WAIT, I THOUGHT ARIZONA HAD 54 WINS: Arizona has only 37 victories when leading after six innings, because nearly a third of its games don’t last that long.  Arizona is 16-0 in run-rule games this year, including mercies of WCWS participants Northwestern, Arizona State and Oregon State, super regional teams South Florida and LSU and NCAA Tournament participants Texas A&M, Louisiana-Lafayette and Baylor .  Conversely, Arizona has been run-ruled only one time in the last three years, a 9-1 defeat at UCLA in April 2005.


50 WINS: The 2005 season was UA’s first year without 50 wins since 1993.  It’s not that either squad was particularly bad, the 2005 team reached the WCWS and played the fewest games for an Arizona team since 1987, and the 1993 squad ended up winning Arizona’s second national title.


PROMISE RING: Signing a National Letter of Intent with Mike Candrea and The University of Arizona has its benefits for a high school softball prospect.  One of which is the guarantee for a national championship.  Since 1991, last year’s 2005 senior class (Crystal Farley, Alyson VonLiechtenstein, Jackie Coburn and Courtney Fossatti) was the first and only group of four-year players to leave UA without a national championship.


With this year’s title, UA is now ensured that every class through the 2009 seniors, with the exception of the aforementioned 2005 group, would have won a NCAA Championship during its time in Tucson.


THESE CATS DIG THE LONG BALL: Last year, the Wildcats hit 33 round-trippers all season (57 games); the team’s lowest output since 1992.  In 2006 despite the strength of its schedule and the pitching throughout the Pac-10, Arizona has 62 homers in 65 games.


Kristie Fox's 66 RBI led UA
DOING THE FOX TROT 15 TIMES OVER: Kristie Fox led Arizona with 15 home runs on the season, the last of which came in the form of the second of her two towering blasts to center field in UA’s super regional-clinching win over LSU.


IF RBI PUT FOOD ON THE TABLE, THEN SHE CAN GO FOR SECONDS: Kristie Fox set a new career high with 66 RBI on the season, two more than her nation-leading 64 ribbies in 2005.


GIVE HER ALL THE ICE SHE K-NEEDS : Callista Balko was been behind the plate for all 434.0 innings (roughly 1,637 batters) this year while UA has been in the field.  Although the NCAA does not maintain a record for putouts in a season, Balko’s Arizona-record 690 putouts would likely find its way to the top of the NCAA’s list, as well.


Additionally, Balko had only two passed balls in 65 games behind the dish this year, after having four in 33 contests in 2005.  She has also saved pitchers from giving up wild pitches.  In 2005 UA pitchers hurled 26 WP (one every 15 innings)... this year, they had had only 15 (one every 28.9 innings).


Callista Balko

IRON WOMEN AT OTHER POSITIONS: While Balko receives, and deserves, all the praise for toughing out an entire season behind the plate, the Wildcats had several other mainstays at other positions throughout the year.  Kristie Fox played every inning at shortstop for the second consecutive year, while her new partner on the left side of the infield Jenae Leles saw every pitch of 2006 from the hot corner.  Chelsie Mesa played all but two innings at second base, and Adrienne Acton was in either right or centerfield for all 65 games.


JUST NEEDED A LITTLE EXPERIENCE: In the first half of Pac-10 play, the Arizona offense (newcomers and veterans combined) compiled a team batting average of .212, while averaging 2.4 runs per game.  In the second half, in which Arizona went 10-1, the Wildcats hit .319, while putting up 5.6 runs per game.


CAN I GET SOME SUPPORT? Taryne Mowatt’s five losses on the year did not necessarily come due to inefficient pitching, but a lack of run support.  In the five games she’s been dealt the ?'L,’ the Wildcats scored a total of six runs.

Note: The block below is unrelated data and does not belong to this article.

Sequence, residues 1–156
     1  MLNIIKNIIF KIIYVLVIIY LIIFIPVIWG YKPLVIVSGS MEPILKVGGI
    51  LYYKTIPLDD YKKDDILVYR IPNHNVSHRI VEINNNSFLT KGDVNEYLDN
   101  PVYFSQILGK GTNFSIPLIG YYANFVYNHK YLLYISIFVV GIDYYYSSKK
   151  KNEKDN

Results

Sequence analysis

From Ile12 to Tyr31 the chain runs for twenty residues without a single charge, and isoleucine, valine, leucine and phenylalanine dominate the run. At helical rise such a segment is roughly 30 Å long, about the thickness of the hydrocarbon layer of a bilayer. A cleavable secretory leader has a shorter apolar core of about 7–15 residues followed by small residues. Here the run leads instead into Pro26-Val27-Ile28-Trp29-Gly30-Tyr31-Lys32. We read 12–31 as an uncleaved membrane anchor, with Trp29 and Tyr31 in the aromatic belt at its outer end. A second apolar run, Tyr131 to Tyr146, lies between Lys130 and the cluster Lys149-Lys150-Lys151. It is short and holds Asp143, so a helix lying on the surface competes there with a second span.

IF YOU’RE GOING TO LOSE, IT MAY AS WELL BE TO THE BEST: Another note on Mowatt’s losses ?- Her six career defeats have come to Michigan in 2005, and UCLA, Texas (2), Oregon State and LSU in 2006.  Although losses are never easy to swallow, when five of the half dozen are against WCWS teams, it makes things a bit easier.


OUCH! Jenae Leles’ nine hit-by-pitches led Arizona and were the most for any Wildcat since Leneah Manuma’s 16’s HBP in 2002.


Academic All-American Autumn Champion
CHAMPION DOUBLING UP: In 2003, Autumn Champion rapped out a career-high 89 hits... all singles.  In 2004 and 2005 she combined for three extra-base hits.  This season, Champion had five extra-base hits, including a triple, giving her two more XBH than she had accumulated in three years.


DOUBLING UP IN SOMETHING ELSE TOO: Putting the last two notes together, Autumn Champion has six HBPs this year, matching her career total from the past three years combined.


THREE FOR THE MONEY: Caitlin Lowe moved into a four-way tie on Arizona’s all-time triples list, when she had her fourth three-bagger of the year and ninth of her career on March 18 against CSUN.  Among the names Lowe had been tied with when she had eight career triples: UA senior associate athletics director Kathleen “Rocky” LaRose.  Lowe tied her career-high for most triples in a season with four.


MULTI-HIT AND MULTI-RBI GAMES: Every Arizona starter hadat least one multi-RBI game and a minimum of five multi-hit games.  Kristie Fox led the way with 18 multi-RBI games.  Chelsie Mesa (13), Callista Balko (13) Laine Roth (9), Jenae Leles (9), Caitlin Lowe (6) and Sam Banister (6) round out the top of the list.  The most prolific performances were Fox’s eight RBI game vs. LSU, a five-RBI game for Mesa and a six-RBI contest for Fox in the Baylor series.  Incidentally, two of Autumn Champion’s four multi -RBI games came in the last three games of the season.


In the multi-hit game category, Caitlin Lowe led with 27, despite missing 10 games.  Fellow All-Americans Autumn Champion and Kristie Fox nearly caught up to her, however, as they have 23 and 21, respectively.  Chelsie Mesa (14), Callista Balko (13), Laine Roth (12) and Adrienne Acton (9) are the top seven Wildcats in the category.  All told, UA batters combined for 78 multi-RBI games and 139 multi-hit games.